When someone says the words “radical feminism” what comes to mind? What type of women do you envision? The uprise of radical feminism in the 1960-70s formed the stereotype of the radical feminist being cisgender female lesbians (Cook, 2018). Angry women who are burning their bras and trashing men. There is an increasingly larger issue that is occurring though within feminism. The exclusion of transgender women (Cook, 2018). The issue has picked up so much criticism that the term “TERF” has been coined to call out those “Trans Exclusionary Radical Feminists” who refuse to include or accept transgender women into discussions based on feminism. Lesbian radical feminists are claiming “lesbian erasure” because of LGBTQ activism being primarily male-driven, in addition to claims that transgender activism is a detriment to lesbians (Compton, 2019).
Radical Feminist views on how transgender rights and activism is harmful to lesbians date back to the 1970s and despite progress regarding LGBTQIA+ inclusion, acceptance, and rights the spillover from lesbian radical feminists continues to ostracize and refuse inclusion of transgender individuals, more specifically transgender women (Cook, 2018). Will there ever be a point in time where trans-exclusionary radical feminists will finally let go of their disdain for transgender individuals?
In the last few years more and more lesbian media outputs have been standing up and denouncing the radical feminist anti-transgender sentiments. Their aim is to condemn the rhetoric of “lesbian erasure” by pursuing a campaign dubbed “Not in our name” (Compton, 2019). The magazines that headed the campaign made it known that they believed that “trans women are women and that trans people belong in our community” (Compton, 2019). Furthermore, they went on to discuss their condemnation of other lesbian media outlets “who seek to foster division and hate within the LGBTQI community with trans misogynistic content and who believe ‘lesbian’ is an identity for them alone to define” (Compton, 2019). The unity under which these media outlets banded together to fight trans exclusion in the lesbian and feminist community and take a stand against the long-standing division is just the beginning of a long road of needed progress that is still in the early stages.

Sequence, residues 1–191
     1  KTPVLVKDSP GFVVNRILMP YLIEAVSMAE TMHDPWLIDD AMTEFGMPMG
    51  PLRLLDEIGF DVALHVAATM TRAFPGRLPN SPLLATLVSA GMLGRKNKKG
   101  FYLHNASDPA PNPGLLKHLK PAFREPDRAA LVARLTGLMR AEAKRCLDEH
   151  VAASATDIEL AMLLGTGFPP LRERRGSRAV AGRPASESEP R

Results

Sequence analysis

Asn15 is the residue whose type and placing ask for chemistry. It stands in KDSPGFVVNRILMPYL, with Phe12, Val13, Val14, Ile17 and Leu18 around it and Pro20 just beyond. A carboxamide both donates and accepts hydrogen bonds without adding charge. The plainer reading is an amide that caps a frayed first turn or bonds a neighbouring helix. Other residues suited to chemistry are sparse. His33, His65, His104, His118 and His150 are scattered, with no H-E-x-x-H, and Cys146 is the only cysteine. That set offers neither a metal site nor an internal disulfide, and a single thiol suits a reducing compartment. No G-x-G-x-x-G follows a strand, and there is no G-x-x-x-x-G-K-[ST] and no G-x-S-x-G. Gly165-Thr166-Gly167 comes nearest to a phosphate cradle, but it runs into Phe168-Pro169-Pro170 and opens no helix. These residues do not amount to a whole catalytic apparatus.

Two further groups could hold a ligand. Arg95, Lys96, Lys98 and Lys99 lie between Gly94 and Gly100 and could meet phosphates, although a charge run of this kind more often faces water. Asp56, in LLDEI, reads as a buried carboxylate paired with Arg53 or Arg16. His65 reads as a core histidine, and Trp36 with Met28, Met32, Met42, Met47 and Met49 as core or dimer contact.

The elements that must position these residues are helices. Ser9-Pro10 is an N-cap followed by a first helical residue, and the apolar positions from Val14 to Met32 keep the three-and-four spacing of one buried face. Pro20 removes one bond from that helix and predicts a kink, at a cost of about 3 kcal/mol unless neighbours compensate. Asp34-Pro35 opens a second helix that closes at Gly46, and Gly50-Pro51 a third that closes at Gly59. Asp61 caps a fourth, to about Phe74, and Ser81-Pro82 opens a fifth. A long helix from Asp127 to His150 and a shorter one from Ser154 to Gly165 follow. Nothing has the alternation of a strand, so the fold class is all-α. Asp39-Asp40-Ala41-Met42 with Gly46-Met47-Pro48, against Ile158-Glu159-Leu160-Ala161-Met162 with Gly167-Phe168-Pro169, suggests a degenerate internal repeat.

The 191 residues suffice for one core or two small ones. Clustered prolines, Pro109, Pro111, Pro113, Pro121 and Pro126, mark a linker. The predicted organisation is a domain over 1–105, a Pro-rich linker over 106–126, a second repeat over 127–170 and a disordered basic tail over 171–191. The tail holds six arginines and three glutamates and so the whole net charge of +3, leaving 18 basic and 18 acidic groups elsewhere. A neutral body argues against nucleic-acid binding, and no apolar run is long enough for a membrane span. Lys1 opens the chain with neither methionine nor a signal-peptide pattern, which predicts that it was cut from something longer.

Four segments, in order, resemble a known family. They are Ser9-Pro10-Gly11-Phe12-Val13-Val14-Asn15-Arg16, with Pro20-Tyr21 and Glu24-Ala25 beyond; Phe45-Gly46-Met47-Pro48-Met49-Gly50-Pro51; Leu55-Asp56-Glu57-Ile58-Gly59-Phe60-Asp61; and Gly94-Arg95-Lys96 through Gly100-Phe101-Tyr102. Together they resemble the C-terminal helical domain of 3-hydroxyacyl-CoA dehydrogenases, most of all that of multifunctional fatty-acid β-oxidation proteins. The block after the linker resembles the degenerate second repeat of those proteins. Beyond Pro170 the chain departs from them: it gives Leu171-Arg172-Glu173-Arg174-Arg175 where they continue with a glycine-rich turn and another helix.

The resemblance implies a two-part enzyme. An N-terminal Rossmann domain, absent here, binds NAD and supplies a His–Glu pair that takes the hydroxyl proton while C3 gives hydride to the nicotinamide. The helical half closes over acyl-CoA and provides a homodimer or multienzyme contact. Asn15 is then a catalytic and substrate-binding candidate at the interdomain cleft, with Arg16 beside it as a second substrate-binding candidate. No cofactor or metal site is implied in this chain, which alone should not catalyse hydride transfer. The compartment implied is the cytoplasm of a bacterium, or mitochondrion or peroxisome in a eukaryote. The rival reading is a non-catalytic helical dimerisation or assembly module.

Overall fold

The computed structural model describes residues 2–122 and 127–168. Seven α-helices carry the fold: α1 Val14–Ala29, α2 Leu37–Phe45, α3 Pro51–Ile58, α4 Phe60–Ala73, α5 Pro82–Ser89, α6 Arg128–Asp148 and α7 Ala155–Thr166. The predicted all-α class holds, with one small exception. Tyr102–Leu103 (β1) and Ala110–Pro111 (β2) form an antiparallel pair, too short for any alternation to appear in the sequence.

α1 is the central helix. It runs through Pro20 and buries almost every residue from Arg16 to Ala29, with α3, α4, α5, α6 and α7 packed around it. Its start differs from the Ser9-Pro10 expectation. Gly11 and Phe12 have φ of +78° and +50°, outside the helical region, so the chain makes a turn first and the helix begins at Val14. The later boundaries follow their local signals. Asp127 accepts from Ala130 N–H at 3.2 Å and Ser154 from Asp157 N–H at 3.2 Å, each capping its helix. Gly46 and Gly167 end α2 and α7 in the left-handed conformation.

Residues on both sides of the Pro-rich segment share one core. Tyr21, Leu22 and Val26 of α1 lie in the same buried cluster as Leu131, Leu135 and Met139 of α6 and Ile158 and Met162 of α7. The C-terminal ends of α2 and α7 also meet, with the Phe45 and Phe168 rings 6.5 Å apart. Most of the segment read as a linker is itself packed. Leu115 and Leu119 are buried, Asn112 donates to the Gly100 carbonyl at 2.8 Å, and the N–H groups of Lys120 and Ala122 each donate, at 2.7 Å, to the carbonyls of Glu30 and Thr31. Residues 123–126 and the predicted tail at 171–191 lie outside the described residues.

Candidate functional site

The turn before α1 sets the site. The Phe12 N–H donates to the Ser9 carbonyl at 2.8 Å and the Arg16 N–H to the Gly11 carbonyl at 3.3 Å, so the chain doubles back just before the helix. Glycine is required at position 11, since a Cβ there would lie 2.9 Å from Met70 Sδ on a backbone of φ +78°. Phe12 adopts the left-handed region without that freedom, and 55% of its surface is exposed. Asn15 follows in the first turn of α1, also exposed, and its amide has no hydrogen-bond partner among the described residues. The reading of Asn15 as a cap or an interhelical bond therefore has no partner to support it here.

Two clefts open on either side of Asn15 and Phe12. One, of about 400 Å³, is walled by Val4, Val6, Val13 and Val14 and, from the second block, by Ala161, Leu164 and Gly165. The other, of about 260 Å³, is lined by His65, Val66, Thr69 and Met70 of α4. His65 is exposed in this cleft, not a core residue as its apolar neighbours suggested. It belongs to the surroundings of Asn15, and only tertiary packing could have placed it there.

Will the LGBTQIA+ community ever fully be whole and undivided? Or will there continue to be one level of division or exclusion amongst another? What will it take for marginalized groups to no longer condemn other struggling marginalized groups? Time, unity, understanding, empathy, and a willingness to work together is the foundation for which change can be made and divisions can be dissolved.
- Compton, J. (2019, March 19). ‘Pro-lesbian’ or ‘trans-exclusionary’? Old animosities boil into public view. NBC News. https://www.nbcnews.com/feature/nbc-out/pro-lesbian-or-trans-exclusionary-old-animosities-boil-public-view-n958456
- Cook, J. (2018). When “Sisters” become “Cis-ters”: Failed Coalitionalism in 1970s Lesbian Separatism and its Twenty-First Century Remnants | Pacific Ancient and Modern Language Association. Http://Www.Pamla.Org/2018/Proposals/%C2%A0when-%E2%80%9Csisters%E2%80%9D-Become-%E2%80%9Ccis-Ters%E2%80%9D-Failed-Coalitionalism-1970s-Lesbian-Separatism-And. http://www.pamla.org/2018/proposals/%C2%A0when-%E2%80%9Csisters%E2%80%9D-become-%E2%80%9Ccis-ters%E2%80%9D-failed-coalitionalism-1970s-lesbian-separatism-and